Digital tools, technology and the internet are opening up new learning pathways as well as helping address some key issues around access to education.
The Education for All movement links together governments, development agencies, civil society and the private sector in its commitment to provide quality basic education for all children. The movement is linked to the United Nations’ second Millennium Development Goal, which is to ensure free access to quality primary education for all children by 2015.
The latest statistics on education are harrowing. UNESCO recently pointed out that 57 million children remain out of school and an estimated 250 million children are illiterate due to the poor quality of education. New data also shows that roughly 32.2 million primary school children were held back a grade in 2010, and 31.2 million pupils dropped out of school in the same year – many of whom will never return. The commitment to get all children in school is obviously the first, most pressing priority, yet we must also pay heed to the latter statistics. As it stands, we are struggling to provide equal access to quality education and also lacking the ability to engage students once they enter the classroom.
A New Channel of Engagement
The issues surrounding education are multifaceted and, because of this, the remedies are too. No solution on its own can provide all the answers. One field of work that is heating up in the education sector, particularly in debates about knowledge consolidation and retention, is digital games. Game-based learning, whether on- or offline, has long been used as a method to channel youngsters’ interest into streams of traditional education in a manner that is both engaging and inclusive. Games offer a unique environment for children to tackle problems, work together and, with caveats, absorb complex information outside of the standard “rote learning + textbook” model. Numerous studies have offered an insight into the valuable and integral ability of games to contextualise difficult topics in classrooms, as well as their potential to offer enhanced literacy teaching and learning.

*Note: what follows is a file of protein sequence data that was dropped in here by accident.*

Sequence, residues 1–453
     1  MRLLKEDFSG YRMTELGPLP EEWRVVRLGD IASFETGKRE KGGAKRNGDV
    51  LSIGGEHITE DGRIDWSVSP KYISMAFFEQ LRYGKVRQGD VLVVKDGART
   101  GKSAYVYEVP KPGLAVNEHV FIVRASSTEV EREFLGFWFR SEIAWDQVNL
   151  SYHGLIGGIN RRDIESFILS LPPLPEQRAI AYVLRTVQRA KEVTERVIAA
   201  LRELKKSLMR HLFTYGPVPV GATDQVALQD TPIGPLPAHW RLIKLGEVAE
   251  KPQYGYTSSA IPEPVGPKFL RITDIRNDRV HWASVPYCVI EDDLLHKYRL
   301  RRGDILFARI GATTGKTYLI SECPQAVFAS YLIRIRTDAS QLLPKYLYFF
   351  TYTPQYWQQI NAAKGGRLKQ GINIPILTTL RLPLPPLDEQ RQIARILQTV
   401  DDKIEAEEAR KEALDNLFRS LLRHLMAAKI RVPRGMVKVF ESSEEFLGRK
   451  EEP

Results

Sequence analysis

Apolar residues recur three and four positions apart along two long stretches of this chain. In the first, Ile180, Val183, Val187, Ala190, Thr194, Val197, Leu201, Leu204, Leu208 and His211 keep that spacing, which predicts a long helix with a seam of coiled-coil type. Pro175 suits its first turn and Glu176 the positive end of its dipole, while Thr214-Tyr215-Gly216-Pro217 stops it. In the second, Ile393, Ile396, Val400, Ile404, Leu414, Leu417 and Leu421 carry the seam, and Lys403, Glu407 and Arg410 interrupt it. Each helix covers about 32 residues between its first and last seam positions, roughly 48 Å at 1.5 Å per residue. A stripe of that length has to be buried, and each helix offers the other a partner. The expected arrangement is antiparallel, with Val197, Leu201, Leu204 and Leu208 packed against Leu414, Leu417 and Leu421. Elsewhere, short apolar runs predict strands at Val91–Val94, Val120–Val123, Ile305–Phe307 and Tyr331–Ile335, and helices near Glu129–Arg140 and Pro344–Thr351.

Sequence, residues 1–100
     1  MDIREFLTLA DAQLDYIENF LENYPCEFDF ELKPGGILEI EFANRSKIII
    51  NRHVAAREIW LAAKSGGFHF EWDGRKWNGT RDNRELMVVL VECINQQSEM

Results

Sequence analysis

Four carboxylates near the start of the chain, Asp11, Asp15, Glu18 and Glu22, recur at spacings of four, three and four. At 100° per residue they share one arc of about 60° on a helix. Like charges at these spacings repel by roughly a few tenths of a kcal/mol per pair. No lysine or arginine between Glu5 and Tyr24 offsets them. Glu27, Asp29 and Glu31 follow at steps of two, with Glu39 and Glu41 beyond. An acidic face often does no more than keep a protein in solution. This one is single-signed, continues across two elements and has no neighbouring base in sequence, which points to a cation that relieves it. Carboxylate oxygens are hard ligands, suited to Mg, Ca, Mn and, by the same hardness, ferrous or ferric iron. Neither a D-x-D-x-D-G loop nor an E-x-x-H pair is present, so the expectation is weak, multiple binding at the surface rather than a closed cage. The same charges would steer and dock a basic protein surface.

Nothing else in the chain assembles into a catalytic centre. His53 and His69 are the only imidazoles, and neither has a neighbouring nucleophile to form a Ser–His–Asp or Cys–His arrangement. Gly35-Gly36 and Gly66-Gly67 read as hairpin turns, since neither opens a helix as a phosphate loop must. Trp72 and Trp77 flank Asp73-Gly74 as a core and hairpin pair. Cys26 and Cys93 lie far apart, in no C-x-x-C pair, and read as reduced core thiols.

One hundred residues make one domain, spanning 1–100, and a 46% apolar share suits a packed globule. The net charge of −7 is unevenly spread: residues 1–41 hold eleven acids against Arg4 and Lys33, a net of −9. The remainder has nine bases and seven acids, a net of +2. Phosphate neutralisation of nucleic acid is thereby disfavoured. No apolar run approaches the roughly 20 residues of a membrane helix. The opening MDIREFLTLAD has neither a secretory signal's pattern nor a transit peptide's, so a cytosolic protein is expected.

Digital game-based learning has been making its unique mark on the education system since the beginning of the 1980s, and in some places well before that. Early titles include Logo Programming (1967), Lemonade Stand (1979), and Snooper Troops (1982) which, among others, helped to introduce students to subjects like maths, history and geography. They also laid the foundation for a plethora of educational, problem solving-based games to come, and led to a new strand of gaming in that fuses youth education with social impact.
In-game Versus Real Life Challenges
Gaming academic and designer Jane McGonigal recently put forward a case for knitting social issues into digital games. She suggests one of the most beneficial aspects of gaming is its ability to produce collaboration, co-operation, determination and optimism among its young players in-game. Such attributes and emotions can be difficult to conjure when faced with real-life social and sustainability issues, and often greeted with frustration and cynicism instead.
A good example of this is a game called World without Oil. This game was designed to harness the collective, unique intelligence of gamers and apply it to a serious global problem: oil shortage. Players were invited to spend six weeks participating in a collaborative, simulated environment, generating their own stories about the crisis and strategising ways to manage it. The result is an online immersive archive of 1,500 personal blog entries, videos, voicemails and images, all dictating first-hand experiences and proposed solutions to our real-life oil dependence.
Empowering Players on Powerful Topics